Yummy Dough

Yummy Dough (also known by its original German name Essknete) is a baking mixture which, after the addition of water, is kneaded to a smooth dough.[1] It was invented in 2005 and first introduced in the market in 2007. The product's consistency is similar to that of modeling clay, such as Play-Doh, except it is edible raw and can be baked. Its coloring agents are all vegetable.[2] It is delivered as a powder mix that turns into a kneadable dough when water is added.

Package of Yummy Dough


Yummy Dough was invented by Stefan Kaczmarek, an IT worker from Idstein, Germany, in fall 2005.[3] Kaczmarek credits his two daughters as having the original idea for the product because they "wanted to finally have dough they can play with as well as eat".[4] It was first mentioned in a radio broadcast by the Hessischer Rundfunk, which increased the interest significantly.[3] Kaczmarek previously had no intention to market the product but decided otherwise after the reaction to the broadcast.[3] It was premiered as a commercial product at Anuga alimentary exhibition in 2007,[4] where it won the "Taste 07" award for innovation.[5] This sparked the interest of several large grocery and toy chains;[5] Kaczmarek declined an offer by German food manufacturer Dr. Oetker[5] and instead founded his own company, 123 Nährmittel GmbH, to distribute the product nationwide.[5] Yummy Dough was first sold in supermarkets in 2007, starting with the German grocery chains Hit and REWE.[3] The product is produced by the RUF Lebensmittelwerke in Quakenbrück.[6]

In 2009 it became available to North America;[7] it is distributed by Canadian-based toy distributor PlaSmart Inc.[8] This product is featured in season 4 of the Canadian version of Dragons' Den, in which Kaczmarek, and his Canadian partner, Timothy Kimber of PlaSmart Inc., received C$500,000 from investors Kevin O'Leary, W. Brett Wilson, and Jim Treliving, in exchange for a 3.5% cut of revenues, once the investment has been recouped.[9][10][11] Further plans also include marketing the product in Asia.[7]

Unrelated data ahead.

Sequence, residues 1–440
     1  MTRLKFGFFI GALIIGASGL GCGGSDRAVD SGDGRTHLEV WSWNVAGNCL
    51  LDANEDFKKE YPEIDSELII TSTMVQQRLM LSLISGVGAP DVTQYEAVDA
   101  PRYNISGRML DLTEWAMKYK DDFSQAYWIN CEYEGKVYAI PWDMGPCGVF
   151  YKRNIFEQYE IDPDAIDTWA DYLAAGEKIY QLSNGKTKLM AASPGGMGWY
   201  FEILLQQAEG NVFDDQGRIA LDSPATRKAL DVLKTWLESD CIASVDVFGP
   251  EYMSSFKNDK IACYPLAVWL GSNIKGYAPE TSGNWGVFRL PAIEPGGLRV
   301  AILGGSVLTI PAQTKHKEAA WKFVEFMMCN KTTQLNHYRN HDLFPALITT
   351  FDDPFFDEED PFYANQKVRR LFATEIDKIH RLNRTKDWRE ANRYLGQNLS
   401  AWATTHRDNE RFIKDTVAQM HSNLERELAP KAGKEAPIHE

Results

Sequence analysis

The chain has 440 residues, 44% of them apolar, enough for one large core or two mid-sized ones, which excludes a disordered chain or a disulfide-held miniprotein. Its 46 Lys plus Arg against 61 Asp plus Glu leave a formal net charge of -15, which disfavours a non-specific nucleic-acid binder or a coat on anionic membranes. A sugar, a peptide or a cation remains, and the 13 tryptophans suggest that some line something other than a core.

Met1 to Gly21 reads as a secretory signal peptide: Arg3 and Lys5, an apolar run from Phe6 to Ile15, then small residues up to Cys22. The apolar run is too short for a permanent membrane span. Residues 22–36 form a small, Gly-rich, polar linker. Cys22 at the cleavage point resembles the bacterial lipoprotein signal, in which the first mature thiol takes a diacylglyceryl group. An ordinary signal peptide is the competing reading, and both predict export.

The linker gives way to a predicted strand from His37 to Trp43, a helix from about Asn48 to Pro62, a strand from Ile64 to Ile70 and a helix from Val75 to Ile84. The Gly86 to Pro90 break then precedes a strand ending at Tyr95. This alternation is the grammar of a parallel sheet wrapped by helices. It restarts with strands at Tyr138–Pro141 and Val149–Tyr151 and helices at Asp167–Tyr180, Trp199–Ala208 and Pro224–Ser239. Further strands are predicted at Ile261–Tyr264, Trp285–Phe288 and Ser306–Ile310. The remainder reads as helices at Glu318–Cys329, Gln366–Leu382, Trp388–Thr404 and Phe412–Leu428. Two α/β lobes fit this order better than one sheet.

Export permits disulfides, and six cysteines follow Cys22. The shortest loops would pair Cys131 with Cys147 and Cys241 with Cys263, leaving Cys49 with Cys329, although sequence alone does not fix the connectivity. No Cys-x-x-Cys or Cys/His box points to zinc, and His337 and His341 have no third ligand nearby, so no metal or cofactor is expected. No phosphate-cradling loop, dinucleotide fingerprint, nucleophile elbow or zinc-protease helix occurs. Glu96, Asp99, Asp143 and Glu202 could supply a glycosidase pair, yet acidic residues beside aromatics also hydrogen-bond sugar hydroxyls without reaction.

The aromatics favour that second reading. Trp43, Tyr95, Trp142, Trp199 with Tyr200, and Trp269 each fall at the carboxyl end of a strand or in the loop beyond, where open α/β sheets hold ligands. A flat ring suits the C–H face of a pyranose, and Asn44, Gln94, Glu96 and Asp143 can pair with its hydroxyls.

Yummy Dough was pulled from the market and has since been taken over by a German company with new branding and is only available in the EU marketplace.[citation needed]

See alsoEdit


  1. ^ "Yummy Dough edible playdough". ToyHype. 4 August 2009. Retrieved 2009-08-25.
  2. ^ "Yummy Dough - The Story". 123 Nährmittel GmbH. Archived from the original on August 14, 2009. Retrieved 2009-08-25.
  3. ^ a b c d Winter, Thorsten (16 October 2007). "Süße Weltneuheit aus der Familienküche" (in German). Frankfurter Allgemeine Zeitung. Retrieved 2009-08-25.
  4. ^ a b Binder, Evelyn (12 July 2007). "Wie man mit Mehl Knete macht" (in German). Kölner Stadt-Anzeiger. Retrieved 2009-08-25.
  5. ^ a b c d Baumgart-Pietsch, Anja (9 November 2007). ""Essknete" sorgt für viel Furore" (in German). Wiesbadener Tagblatt. Archived from the original on July 19, 2011. Retrieved 2009-08-25.
  6. ^ Lawecki, Gero (2 February 2008). "Knetbares Essen" (in German). Handelsblatt. Retrieved 2009-08-25.
  7. ^ a b Winter, Thorsten (9 April 2009). "Essknete lockt auch Amerikaner und Asiaten an" (in German). Frankfurter Allgemeine Zeitung.
  8. ^ Balkin, Adam (16 February 2009). "Toy Fair Kicks Off At Javits Center". NY1. Retrieved 2009-08-25.
  9. ^ "Yummy Dough in Dragons' Den". CBC Television. Archived from the original on October 27, 2009. Retrieved 2009-10-29.
  10. ^ "Archived copy". Archived from the original on November 4, 2009. Retrieved November 1, 2009.CS1 maint: archived copy as title (link)
  11. ^ "Dragons' Den backs edible playdough". CBC News. 2009-10-29.

External linksEdit